In a letter to her niece, Princess Victoria, Leopold I of the Belgians remembers the unfortunate King of France Charles X and muses on the injustices history, newspapers, and ignorant politicians do to royals:
… Poor Charles X. is dead, it is said of the cholera. I regret him; few people were ever kinder to me than the good old man. He was blinded by certain absolute ideas, but a good man, and deserving to be loved. History will state that Louis XVIII was a most liberal monarch, reigning with great mildness and justice to his end, but that his brother, from his despotic and harsh disposition, upset all the other had done, and lost the throne. Louis XVIII was a clever, hard-hearted man, shackled by no principle, very proud and false. Charles X an honest man, a kind friend, an honourable master, sincere in his opinions, and inclined to do everything that is right.
That teaches us what we ought to believe in history as it is compiled according to ostensible events and results known to the generality of people. Memoirs are much more instructive, if written honestly and not purposely fabricated, as it happens too often nowadays, particularly at Paris…. I shall not fail to read the books you so kindly recommend. I join you a small copy of our very liberal Constitution, hitherto conscientiously executed—no easy matter. You may communicate it to your Mother; it is the best answer to an infamous Radical or Tory-Radical paper, the Constitutional, which seems determined to run down the Coburg family. I don’t understand the meaning of it; the only happiness poor Charlotte knew was during her short wedded existence, and there was but one voice on that subject, that we offered a bright prospect to the nation.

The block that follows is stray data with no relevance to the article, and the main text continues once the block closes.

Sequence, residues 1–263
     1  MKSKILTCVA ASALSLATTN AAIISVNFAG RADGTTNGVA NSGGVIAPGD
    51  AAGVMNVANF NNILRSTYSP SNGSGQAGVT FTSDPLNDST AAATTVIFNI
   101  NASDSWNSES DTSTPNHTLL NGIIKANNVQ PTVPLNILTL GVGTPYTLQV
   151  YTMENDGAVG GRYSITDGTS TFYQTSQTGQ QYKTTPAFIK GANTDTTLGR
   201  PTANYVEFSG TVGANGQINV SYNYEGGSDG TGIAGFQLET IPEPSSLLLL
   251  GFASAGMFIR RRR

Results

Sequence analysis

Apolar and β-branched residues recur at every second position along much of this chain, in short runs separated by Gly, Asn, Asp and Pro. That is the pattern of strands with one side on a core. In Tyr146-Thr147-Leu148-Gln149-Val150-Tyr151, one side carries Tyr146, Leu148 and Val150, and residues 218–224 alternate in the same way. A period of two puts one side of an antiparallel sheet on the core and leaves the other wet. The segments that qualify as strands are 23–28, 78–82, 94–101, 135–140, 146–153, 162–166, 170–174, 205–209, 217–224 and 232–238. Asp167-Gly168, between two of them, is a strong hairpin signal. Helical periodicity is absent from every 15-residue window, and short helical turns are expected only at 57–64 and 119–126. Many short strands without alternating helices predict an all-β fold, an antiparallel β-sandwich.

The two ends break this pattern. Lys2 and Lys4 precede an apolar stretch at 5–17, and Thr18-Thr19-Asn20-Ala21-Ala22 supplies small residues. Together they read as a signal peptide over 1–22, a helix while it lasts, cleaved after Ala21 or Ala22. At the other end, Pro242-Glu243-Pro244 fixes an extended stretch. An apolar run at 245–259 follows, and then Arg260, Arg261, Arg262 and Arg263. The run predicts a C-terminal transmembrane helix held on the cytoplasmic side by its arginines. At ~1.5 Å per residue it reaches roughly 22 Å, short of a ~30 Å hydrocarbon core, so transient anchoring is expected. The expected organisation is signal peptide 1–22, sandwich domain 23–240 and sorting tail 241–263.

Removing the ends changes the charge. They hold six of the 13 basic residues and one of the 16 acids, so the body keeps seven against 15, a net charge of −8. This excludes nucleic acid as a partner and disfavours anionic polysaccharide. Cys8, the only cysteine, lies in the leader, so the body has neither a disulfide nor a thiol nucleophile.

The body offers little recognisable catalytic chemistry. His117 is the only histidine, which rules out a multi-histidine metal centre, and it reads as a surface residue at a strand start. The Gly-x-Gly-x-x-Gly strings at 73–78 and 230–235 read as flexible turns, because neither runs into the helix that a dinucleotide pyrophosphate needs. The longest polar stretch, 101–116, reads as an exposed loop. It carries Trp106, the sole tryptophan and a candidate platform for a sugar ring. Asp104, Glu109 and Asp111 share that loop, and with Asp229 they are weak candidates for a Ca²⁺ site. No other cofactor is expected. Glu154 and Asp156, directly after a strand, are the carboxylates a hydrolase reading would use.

Since that period I have (though been abused, and vilified merely for drawing an income which was the consequence of a Treaty ratified by both Houses of Parliament, and that without one dissenting voice, a thing not very likely to happen again) done everything to see England prosperous and powerful. I have spared her, in 1831, much trouble and expense, as without my coming here very serious complications, war and all the expensive operations connected with it, must have taken place. I give the whole of my income, without the reservation of a farthing, to the country; I preserve unity on the Continent, have frequently prevented mischief at Paris, and to thank me for all that, I get the most scurrilous abuse, in which the good people from constant practice so much excel….
The conclusion of all this—and that by people whose very existence in political life may be but of a few years’ standing—is scurrilous abuse of the Coburg family. I should like to know what harm the Coburg family has done to England? But enough of this. Your principle is very good; one must not mind what newspapers say. Their power is a fiction of the worst description, and their efforts marked by the worst faith and the greatest untruths. If all the Editors of the papers in the countries where the liberty of the press exists were to be assembled, we should have a crew to which you would not confide a dog that you would value, still less your honour and reputation….
The Letters of Queen Victoria, Volume 1 (of 3)